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Posted: Sat 14 Jul, 2018 11:45 am
Plonk. I've not heard it said in ages but I'm not sure if it is slang or an accepted word in its use to sit down rather heavily, such as "Plonk yourself down". It came to my mind the other day when someone loaded with shopping sat down next to me on a bus with a heavy sigh of relief at sitting down! Interestingly plonk is used for cheap wine and playing a piano badly. Plonker means a stupid person but I don't know if that is derived from plonk.
Posted: Mon 16 Jul, 2018 10:30 am
In the Heady days long ago when everyone seemed to be in employment and Workers were reasonably to pick and choose especially if they were a Tradesperson. Slang words for being sacked were used quite frequently. Expressions such as "Marching Orders"..."Tin Tac"...." "The Boot"...."The Pedlar".....The Bullet"
One i Never got Understood was "He has got his "Bladders"....
Posted: Mon 16 Jul, 2018 1:05 pm
Re Jack's post.
An old guy I knew. Used to call it DCM, don't
A twist in cdm which was Cadbury Dairy Milk
Posted: Fri 24 Aug, 2018 4:06 pm
iansmithofotley wrote:Hi Jack,
With reference to 'Rhyming Slang' it reminds me of working on the public desk, in the front office, of Police Stations in Leeds in the 1960's/70's. On more than one occasion I received a telephone call, or a written report, from another Police Force to the effect that an officer had issued a Form HORT 1 to a driver to produce driving documents at the Leeds Police Station and the 'reply form', called a Form HORT 2, had not been returned after about two weeks. There was a request to check records and see if the driver had in fact produced his driving documents. When asked for the name and address of the driver, on more than one occasion the details given were Mr A.T. Leaf, 2 Gloucester Terrace, Leeds 12.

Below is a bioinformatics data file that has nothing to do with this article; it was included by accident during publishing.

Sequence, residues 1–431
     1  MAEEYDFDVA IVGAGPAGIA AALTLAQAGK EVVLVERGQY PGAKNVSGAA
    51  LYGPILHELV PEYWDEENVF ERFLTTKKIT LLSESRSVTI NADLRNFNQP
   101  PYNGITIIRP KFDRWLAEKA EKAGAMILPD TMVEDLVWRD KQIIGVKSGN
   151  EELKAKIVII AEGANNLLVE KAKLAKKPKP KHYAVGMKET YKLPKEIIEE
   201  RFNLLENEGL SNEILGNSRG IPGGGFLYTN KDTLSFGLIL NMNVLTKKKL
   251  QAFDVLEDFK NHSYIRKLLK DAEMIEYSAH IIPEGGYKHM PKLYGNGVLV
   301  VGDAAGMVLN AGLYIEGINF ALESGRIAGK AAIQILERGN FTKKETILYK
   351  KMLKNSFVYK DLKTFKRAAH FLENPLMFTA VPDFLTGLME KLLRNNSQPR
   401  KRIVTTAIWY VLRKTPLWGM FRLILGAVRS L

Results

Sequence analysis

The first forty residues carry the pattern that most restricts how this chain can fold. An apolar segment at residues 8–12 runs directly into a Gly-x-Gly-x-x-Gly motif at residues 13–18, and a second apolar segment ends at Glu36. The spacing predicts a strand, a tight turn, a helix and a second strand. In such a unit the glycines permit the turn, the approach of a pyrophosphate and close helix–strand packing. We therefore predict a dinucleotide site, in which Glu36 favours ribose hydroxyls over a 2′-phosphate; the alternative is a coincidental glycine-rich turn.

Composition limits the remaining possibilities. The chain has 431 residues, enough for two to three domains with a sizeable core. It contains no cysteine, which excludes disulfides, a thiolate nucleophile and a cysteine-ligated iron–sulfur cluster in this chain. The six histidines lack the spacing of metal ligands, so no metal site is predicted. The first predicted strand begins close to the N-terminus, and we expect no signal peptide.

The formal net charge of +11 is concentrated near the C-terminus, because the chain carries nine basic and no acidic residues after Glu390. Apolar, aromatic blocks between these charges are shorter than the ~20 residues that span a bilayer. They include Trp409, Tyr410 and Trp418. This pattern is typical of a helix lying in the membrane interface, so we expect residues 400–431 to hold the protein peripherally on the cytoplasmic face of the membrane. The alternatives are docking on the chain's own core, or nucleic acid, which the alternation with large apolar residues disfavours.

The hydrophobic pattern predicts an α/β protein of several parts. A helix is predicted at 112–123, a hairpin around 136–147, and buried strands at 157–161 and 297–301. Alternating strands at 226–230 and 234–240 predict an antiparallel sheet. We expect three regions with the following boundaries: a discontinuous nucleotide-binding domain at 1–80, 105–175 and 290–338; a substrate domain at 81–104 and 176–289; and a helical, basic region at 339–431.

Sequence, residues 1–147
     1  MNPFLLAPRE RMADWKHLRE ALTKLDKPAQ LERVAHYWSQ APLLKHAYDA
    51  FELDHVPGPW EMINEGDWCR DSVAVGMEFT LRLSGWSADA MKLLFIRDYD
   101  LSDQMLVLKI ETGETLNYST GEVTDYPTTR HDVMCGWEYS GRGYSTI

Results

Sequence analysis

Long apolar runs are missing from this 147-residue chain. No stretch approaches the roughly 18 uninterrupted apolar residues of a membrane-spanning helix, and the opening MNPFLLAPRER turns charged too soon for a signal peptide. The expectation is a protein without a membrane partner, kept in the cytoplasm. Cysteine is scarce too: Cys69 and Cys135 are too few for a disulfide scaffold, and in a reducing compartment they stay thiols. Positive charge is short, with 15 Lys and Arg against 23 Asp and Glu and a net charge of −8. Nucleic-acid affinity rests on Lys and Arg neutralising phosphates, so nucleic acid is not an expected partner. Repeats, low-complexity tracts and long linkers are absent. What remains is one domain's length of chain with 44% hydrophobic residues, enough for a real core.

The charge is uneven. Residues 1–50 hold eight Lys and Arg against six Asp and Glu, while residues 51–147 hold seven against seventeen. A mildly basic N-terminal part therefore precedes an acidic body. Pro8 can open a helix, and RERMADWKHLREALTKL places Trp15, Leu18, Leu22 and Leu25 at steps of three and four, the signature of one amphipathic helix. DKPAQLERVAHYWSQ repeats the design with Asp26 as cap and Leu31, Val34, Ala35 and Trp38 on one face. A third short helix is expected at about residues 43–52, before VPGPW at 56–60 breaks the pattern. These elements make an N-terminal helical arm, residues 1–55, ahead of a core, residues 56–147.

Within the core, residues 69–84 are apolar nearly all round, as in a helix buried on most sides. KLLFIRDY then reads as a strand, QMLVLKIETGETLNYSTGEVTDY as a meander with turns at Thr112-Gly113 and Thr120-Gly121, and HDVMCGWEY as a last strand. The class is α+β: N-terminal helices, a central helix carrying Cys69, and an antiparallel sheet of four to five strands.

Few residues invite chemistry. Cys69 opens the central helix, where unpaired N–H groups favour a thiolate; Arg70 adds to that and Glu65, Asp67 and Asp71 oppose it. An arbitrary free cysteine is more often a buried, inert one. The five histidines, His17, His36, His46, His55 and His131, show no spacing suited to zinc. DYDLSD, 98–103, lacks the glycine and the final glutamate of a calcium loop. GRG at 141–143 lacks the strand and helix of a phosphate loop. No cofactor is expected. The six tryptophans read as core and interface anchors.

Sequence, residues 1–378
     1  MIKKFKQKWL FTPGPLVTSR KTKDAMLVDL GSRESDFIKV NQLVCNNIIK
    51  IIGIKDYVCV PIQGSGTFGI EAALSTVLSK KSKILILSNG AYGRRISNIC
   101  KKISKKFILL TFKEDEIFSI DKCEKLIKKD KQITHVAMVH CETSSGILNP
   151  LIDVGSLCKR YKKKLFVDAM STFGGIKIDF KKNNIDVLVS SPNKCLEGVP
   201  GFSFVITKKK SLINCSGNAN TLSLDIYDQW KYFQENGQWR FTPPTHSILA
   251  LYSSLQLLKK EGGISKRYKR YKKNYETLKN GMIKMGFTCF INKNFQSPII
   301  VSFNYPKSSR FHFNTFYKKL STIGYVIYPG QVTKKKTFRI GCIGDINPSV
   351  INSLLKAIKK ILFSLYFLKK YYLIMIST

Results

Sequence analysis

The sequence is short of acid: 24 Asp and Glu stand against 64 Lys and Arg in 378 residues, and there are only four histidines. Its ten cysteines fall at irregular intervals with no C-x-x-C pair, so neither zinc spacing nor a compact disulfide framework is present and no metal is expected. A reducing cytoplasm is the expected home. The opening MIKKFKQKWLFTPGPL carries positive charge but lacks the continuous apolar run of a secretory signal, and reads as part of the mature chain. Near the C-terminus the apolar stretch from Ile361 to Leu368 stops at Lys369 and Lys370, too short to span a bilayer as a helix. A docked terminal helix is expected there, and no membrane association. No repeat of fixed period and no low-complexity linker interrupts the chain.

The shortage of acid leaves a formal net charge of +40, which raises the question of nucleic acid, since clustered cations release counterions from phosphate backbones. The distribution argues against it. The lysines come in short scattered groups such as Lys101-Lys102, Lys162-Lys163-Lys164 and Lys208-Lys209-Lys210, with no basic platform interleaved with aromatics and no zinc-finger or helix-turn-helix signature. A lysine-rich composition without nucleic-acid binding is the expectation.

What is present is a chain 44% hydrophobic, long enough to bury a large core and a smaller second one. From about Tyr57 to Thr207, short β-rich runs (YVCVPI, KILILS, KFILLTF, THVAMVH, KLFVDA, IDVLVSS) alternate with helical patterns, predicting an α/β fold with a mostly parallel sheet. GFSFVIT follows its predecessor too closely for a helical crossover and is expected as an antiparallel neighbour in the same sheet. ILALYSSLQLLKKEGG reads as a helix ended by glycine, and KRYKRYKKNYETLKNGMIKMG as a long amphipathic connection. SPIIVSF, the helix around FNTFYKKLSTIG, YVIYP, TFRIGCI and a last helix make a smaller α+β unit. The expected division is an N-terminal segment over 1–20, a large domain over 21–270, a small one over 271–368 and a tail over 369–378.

I'm trying to get in touch with you, could you drop me a line please? My email is email@example.com
Posted: Fri 24 Aug, 2018 9:09 pm
I have just seen your post. I have received a message from a friend (Gill) this afternoon to the effect that you were trying to contact me and I have already sent you an Email.
Posted: Fri 05 Oct, 2018 7:57 am
Our Lass is from Bristol so when i first said "Sup your tea before it gets CLAP cold" she did not know what i meant.
Posted: Fri 05 Oct, 2018 8:03 pm
Thal ata learn her how to talk reet tha knows.
Posted: Mon 07 Oct, 2019 7:27 pm
Many years ago when ordering a couple of pints we would consider it also ask for "Two Jockeys dinners" meaning two packets of crisps.
Don't think i ever heard Kirkgate pronounced with both "K"s